Erie E-Law is a complimentary service of the Erie County Bar Association designed to make basic legal information available to you with ease. You can gain access to E-Law either by reading the information found below or by contacting us to request a copy of the transcripts.


Posted on February 19th, 2019 at 4:10 PM

If you need to consult with an attorney or would like more information on malpractice, please contact the Erie County Bar Association's Lawyer Referral & Information Service.

Malpractice is the general term which is applied to negligent conduct on the part of a doctor, dentist, lawyer, hospital, or other member of a given profession. Negligence means that someone either performed an act in a less than competent manner or failed to perform an act that a reasonable professional would have performed. A further requirement of a malpractice claim is that the conduct of the professional directly caused the harm that the individual suffered. That harm can be physical injury or death, pain and suffering, emotional distress, property damage or financial loss.

If you feel that you or a member of your family may have encountered malpractice of some type, you should consult an attorney. In this complicated area of the law, an attorney can best advise you whether malpractice occurred. The mere fact that something went wrong or that the results obtained were not what you hoped for does not mean that someone acted negligently or committed malpractice. Your attorney most often will need to consult with experts to determine the expert's opinion as to whether malpractice did in fact occur. This is especially true in malpractice actions against hospitals and/or physicians where issues of medical competence may be beyond the knowledge of lay people and lawyers alike.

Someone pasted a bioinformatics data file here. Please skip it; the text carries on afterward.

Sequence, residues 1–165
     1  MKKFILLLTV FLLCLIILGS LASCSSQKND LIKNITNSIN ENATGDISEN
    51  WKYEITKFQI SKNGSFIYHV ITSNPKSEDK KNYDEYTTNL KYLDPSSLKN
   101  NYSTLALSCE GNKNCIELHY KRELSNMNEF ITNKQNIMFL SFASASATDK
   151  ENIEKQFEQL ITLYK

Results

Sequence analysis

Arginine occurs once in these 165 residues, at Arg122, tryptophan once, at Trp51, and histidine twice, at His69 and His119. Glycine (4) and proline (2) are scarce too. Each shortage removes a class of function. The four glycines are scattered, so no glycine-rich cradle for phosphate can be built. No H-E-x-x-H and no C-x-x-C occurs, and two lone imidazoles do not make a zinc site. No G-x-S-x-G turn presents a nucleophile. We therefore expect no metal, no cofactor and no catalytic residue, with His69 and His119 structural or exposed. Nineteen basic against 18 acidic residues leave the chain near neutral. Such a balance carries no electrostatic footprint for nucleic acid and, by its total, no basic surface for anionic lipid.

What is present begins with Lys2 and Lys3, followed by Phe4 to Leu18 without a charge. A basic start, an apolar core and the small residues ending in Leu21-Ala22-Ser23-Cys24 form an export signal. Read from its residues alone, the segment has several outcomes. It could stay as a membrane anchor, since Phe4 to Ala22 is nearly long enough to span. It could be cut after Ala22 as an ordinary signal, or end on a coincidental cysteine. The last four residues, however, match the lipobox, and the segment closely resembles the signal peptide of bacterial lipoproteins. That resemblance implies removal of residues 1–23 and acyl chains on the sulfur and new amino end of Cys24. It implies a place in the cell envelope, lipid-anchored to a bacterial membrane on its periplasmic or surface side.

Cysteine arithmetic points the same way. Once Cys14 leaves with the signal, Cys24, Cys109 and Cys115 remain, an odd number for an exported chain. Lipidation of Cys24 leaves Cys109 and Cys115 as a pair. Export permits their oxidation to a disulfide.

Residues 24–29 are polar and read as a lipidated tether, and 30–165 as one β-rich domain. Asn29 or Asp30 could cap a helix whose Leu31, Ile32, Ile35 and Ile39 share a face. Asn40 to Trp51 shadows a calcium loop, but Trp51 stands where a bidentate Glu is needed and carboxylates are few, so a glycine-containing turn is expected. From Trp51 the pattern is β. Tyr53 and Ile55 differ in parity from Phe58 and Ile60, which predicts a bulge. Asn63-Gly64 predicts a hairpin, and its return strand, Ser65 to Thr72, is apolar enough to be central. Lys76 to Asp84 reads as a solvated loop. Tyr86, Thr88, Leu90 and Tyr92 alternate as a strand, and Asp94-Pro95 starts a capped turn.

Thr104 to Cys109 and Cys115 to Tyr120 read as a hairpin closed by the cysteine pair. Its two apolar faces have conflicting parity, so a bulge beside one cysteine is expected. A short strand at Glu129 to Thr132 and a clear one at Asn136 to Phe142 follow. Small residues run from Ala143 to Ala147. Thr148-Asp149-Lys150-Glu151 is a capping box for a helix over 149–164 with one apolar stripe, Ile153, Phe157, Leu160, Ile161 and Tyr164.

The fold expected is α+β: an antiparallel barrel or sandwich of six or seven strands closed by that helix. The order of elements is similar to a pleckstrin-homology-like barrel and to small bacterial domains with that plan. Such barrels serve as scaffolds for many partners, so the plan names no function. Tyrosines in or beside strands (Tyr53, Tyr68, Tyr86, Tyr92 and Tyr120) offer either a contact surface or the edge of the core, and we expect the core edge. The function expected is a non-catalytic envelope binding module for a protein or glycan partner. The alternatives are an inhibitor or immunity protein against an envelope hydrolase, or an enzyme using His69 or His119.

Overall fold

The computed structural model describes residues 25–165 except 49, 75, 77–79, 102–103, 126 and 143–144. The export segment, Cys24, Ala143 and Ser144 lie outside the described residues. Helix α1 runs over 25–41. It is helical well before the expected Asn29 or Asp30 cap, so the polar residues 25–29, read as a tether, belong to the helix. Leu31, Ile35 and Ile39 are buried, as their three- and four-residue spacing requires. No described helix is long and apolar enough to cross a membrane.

The vast majority of malpractice cases must be proved in court through the testimony of such experts. The only exception involves limited cases in which the negligence was so obvious that a jury could readily perceive both that the professional acted negligently and that his negligent conduct directly caused the injuries and damages suffered by the plaintiff. However, in all cases against a licensed professional, within 60 days of the date the lawsuit is filed, the claimant’s attorney must file a certificate that an expert opinion has been obtained and that the negligence caused or substantially contributed to claimant’s damages.

All lawsuits are governed by appropriate statutes of limitation. A statute of limitation is a period of time within which one must file a lawsuit or be forever barred from doing so regardless of the merits of the case. As a general rule, a two (2) year statute of limitations is applicable in malpractice cases, and the two year period begins on the date the malpractice occurred. In certain cases, the two year statute starts from the time that the malpractice is discovered rather than from the time it actually occurred, except for Wrongful Death cases. The statute of limitations begins to run for Wrongful Death claims on the date of death. It is imperative, however, that an attorney be contacted as quickly as possible after the negligent act is thought to have occurred so that an investigation can begin while the facts can be determined and witness memories are fresh.

Most malpractice suits are handled by attorneys on a contingent fee basis. This means that unless money is recovered, a fee is not owed to your attorney. When a verdict is obtained or settlement occurs, the costs incurred by the attorney are repaid first.

Information is current as of 2/2019.